When Nationals starter Stephen Strasburg is on, he is nearly unhittable. In his past four starts, the right-hander has been on. He is 2-0 with a 1.37 ERA and a 1.19 WHIP. During that span of 26 1/3 innings, he has fanned 31 batters.
Washington hopes to see more of the same out of their young ace as he toes the rubber opposite Diamondbacks hurler Bronson Arroyo. Arizona hopes to fare much better against the Strasburg than the Dodgers did last Wednesday.
Strasburg's strong stretch appeared to be in jeopardy when he gave up two runs against Los Angeles in the first inning of that start. However, two runs from the Nationals in the bottom half of the frame reinvigorated the right-hander.
"I tried to stay to the game plan. I have given up a few hits," Strasburg said after the game. "For the most part, they were ground balls. That's kind of how baseball is sometimes. It's great to see the offense answer back there and give it back to me. It was basically a zero-zero ballgame. I kind of started over after the first."
Strasburg proved so energized, he threw 114 pitches. Washington manager Matt Williams left his starter in the game even though he entered the eighth with 108 pitches, something the skipper hopes to continue doing in the future.
"He is our horse," Williams said. "He is a guy that could go 120 [pitches]. I don't want him to do that every time, but in a game like today, he has the lead. I want to show confidence. I'm going to send him back out there to protect that lead. He pitched well."
Strasburg will face another right-hander in top form in Arroyo, who enjoyed arguably the best start of his career against the Brewers on May 7. He, too, pitched 7 1/3 innings, giving up one unearned run on five hits.
As Arroyo aims to continue his success, history is on his side. He has allowed three runs or fewer in seven of his 12 career starts against the Nationals.
But even if Arroyo is not successful, the veteran's effort will be there.
"He does so many things well," Arizona manager Kirk Gibson said following Arroyo's stellar outing. "One of the things he talked to our team about when he first arrived in Spring Training was being able to take care of the things you have to take care of during the course of a game. There was the double play in the sixth that he got over to first base. That's not an easy play, but he was over there early, got squared, and got himself out of the inning.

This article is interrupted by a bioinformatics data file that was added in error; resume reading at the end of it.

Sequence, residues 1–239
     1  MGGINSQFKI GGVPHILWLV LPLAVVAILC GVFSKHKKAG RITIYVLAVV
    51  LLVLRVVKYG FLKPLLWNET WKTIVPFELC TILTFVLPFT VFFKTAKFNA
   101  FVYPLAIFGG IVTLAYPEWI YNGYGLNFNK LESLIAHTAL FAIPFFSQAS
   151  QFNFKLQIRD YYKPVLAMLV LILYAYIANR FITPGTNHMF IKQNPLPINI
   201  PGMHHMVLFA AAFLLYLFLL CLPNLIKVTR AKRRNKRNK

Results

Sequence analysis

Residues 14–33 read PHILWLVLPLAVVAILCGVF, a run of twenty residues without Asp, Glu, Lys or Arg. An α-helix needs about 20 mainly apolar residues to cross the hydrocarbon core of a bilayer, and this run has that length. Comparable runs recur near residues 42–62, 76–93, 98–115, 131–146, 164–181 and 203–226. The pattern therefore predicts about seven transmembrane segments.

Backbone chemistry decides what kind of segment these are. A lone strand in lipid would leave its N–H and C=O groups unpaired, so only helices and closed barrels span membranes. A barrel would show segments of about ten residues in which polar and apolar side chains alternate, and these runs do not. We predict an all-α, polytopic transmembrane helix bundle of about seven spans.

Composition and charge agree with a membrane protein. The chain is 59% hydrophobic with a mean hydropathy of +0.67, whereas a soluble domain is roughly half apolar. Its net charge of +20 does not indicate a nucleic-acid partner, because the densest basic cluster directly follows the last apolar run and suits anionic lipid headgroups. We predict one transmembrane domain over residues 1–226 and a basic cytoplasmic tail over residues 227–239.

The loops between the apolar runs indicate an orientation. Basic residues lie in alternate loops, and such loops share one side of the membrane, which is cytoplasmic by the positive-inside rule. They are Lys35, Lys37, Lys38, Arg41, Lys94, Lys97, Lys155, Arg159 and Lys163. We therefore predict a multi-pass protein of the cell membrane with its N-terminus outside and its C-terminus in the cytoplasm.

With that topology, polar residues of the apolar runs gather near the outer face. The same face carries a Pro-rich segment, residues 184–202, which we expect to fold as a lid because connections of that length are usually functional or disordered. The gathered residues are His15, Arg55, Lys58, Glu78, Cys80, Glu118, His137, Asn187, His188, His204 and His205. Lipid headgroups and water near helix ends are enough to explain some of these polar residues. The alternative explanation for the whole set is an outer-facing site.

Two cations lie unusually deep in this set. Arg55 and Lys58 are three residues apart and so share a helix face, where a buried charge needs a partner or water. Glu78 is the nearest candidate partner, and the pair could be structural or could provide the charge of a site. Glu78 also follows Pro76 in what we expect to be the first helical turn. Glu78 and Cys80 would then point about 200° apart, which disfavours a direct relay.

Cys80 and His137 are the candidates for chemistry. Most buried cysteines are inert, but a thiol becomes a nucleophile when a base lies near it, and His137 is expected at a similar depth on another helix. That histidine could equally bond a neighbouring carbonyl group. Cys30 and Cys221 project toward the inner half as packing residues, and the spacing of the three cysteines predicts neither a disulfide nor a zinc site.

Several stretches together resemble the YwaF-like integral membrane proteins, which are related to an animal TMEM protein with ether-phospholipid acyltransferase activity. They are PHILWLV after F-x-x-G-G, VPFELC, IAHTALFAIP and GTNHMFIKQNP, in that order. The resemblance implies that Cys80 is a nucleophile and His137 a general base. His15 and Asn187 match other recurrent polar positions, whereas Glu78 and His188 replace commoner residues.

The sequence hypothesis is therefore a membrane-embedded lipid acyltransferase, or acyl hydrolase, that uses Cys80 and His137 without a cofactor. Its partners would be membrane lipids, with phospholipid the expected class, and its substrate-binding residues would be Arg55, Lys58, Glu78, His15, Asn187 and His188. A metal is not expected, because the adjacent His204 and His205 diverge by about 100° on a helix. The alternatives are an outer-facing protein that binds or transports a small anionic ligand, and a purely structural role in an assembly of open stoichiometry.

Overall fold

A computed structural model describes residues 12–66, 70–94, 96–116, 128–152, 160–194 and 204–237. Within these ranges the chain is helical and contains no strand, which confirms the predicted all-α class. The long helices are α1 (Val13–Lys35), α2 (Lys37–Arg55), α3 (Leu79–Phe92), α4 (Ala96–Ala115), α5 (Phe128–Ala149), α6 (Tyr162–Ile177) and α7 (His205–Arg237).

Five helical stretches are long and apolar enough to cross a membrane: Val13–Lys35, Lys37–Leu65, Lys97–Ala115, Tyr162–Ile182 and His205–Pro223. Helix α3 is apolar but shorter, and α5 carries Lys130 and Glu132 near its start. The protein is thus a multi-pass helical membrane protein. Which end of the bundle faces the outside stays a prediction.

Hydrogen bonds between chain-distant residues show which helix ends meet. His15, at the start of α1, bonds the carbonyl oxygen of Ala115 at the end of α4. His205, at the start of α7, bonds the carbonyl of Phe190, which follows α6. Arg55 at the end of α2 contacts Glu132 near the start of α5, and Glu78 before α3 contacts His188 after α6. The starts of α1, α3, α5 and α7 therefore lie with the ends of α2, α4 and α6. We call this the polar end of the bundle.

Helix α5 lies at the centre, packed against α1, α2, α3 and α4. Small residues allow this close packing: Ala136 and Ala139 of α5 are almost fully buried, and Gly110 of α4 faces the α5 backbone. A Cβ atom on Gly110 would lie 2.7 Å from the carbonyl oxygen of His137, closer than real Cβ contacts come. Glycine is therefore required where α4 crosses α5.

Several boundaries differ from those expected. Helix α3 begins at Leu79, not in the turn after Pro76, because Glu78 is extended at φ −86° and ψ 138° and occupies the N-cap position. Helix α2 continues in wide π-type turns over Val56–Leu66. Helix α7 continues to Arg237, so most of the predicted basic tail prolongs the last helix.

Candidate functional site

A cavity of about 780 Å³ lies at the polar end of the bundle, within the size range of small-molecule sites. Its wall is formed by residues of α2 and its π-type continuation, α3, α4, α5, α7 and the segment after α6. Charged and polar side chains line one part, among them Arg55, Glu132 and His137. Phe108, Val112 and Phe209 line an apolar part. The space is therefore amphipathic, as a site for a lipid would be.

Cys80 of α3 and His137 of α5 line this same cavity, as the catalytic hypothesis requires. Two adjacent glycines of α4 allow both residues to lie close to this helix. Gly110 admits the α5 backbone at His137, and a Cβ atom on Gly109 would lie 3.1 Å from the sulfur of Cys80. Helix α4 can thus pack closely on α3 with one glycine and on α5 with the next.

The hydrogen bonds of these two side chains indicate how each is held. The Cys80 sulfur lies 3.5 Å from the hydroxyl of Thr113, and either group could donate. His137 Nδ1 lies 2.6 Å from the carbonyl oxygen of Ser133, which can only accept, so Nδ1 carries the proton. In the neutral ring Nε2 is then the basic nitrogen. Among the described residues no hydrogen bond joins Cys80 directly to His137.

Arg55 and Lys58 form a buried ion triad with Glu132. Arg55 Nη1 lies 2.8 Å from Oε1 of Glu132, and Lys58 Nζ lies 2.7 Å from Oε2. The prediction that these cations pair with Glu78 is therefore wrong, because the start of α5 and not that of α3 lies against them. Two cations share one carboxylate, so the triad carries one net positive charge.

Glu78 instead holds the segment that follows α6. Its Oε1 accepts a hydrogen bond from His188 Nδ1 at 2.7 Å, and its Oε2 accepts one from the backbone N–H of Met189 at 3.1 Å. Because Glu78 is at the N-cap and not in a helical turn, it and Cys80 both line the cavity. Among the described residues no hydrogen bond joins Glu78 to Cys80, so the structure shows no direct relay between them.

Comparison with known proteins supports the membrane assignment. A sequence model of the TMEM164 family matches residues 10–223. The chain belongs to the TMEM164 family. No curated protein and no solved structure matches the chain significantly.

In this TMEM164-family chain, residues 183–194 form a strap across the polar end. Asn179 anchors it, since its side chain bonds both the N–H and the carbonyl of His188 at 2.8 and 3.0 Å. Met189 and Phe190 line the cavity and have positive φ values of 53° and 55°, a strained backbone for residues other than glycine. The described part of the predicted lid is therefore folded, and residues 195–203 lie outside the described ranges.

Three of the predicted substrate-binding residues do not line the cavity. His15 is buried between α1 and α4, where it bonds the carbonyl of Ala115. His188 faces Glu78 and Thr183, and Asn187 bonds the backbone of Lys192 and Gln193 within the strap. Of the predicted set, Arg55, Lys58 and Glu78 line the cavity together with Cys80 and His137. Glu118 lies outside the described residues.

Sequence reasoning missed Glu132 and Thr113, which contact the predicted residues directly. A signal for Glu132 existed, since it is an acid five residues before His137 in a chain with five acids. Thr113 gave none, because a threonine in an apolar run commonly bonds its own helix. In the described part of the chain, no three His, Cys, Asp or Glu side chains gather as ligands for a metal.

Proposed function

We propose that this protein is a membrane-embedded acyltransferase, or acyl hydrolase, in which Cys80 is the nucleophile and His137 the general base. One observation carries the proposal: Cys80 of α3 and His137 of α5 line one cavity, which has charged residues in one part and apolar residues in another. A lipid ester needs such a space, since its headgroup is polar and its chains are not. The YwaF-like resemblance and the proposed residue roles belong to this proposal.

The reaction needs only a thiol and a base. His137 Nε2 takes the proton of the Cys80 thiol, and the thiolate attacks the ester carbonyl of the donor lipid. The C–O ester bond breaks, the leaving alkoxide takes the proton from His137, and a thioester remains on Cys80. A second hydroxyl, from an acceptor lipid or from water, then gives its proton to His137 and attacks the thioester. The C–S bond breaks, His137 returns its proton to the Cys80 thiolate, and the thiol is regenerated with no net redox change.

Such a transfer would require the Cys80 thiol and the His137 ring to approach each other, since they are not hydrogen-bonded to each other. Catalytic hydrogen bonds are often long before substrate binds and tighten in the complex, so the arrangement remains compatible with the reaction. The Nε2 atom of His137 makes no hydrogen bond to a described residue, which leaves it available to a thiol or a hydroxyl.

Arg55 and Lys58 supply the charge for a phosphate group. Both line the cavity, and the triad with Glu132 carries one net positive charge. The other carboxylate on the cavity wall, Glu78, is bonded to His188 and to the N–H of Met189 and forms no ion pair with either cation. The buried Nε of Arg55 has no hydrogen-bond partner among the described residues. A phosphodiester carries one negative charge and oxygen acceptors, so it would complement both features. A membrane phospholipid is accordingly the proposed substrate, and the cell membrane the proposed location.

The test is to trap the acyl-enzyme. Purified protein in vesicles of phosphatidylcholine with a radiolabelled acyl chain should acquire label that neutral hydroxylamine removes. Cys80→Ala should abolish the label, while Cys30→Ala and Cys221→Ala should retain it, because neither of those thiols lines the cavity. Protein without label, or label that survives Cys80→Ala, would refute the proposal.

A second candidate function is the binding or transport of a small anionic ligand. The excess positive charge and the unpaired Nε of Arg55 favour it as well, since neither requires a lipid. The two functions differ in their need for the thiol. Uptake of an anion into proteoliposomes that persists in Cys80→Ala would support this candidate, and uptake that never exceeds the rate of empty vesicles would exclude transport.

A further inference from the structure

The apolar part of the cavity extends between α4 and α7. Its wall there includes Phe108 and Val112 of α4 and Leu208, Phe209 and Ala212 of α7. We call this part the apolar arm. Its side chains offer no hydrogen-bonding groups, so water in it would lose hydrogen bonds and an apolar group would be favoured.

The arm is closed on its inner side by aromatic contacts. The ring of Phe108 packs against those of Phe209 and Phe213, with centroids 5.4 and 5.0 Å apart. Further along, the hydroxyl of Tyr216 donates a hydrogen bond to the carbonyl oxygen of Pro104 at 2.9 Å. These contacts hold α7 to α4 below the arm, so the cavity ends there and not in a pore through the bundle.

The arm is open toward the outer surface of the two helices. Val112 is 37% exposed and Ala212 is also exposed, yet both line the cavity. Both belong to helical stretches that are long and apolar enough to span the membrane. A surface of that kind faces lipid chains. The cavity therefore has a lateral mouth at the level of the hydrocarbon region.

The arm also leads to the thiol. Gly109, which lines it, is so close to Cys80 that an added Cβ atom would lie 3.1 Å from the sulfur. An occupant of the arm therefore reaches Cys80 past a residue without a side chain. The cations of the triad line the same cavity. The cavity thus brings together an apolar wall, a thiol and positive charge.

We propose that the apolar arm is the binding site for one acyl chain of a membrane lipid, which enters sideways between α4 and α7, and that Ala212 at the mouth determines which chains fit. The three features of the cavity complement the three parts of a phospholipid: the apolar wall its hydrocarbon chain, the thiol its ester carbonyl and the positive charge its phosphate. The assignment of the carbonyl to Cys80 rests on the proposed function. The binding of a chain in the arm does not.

"That's why the guy wins. The way he throws, but he does all the little things well."
Nationals: Moore proves his worth playing every day
• With Adam LaRoche on the disabled list because of a quad injury for at least two weeks, Tyler Moore will be the everyday first baseman. It's Moore's chance to show that he can hit big league pitching.
In Monday night's game against the D-backs, for example, Moore hit a solo home run against right-hander Josh Collmenter in a 6-5 Nationals victory.
Last season, Moore struggled coming off the bench and was sent down to the Minor Leagues to work on his skills. When he came back to the big leagues, Moore hit .344 in his final 61 at-bats.
D-backs: Home is where the heartache is
• Arizona is 12-10 on the road and 3-14 at Chase Field this season. Arizona entered Monday with the second-worst home ERA in the Majors at 5.36. On the road, it's 4.35.
"We just have to keep the same attitude and play the same way we do on the road," Gibson said. "It's a good feel. I know there is a lot of focus on the negative that has happened here, but this team has not bought into it. I've been very proud of them for doing that."
• Brad Ziegler is riding a scoreless streak of 18 1/3 innings in 19 games, the longest active scoreless run in the Majors. It's the second-longest streak for Ziegler, who also boasts a 38-inning stretch over 29 games from May 31-Aug. 12, 2008.
• Gerardo Parra owns a 10-game hitting streak.
• Miguel Montero has hit safely in 18 of his past 22 games, while reaching base safely in 20 of those contests.
• The Nats have 11 come-from-behind victories this season.
• The Nationals are 9-3 when they score first in the first inning.
• The Nationals are 13-4 when they play error-free baseball.
Joe Morgan is an associate reporter for MLB.com. This story was not subject to the approval of Major League Baseball or its clubs.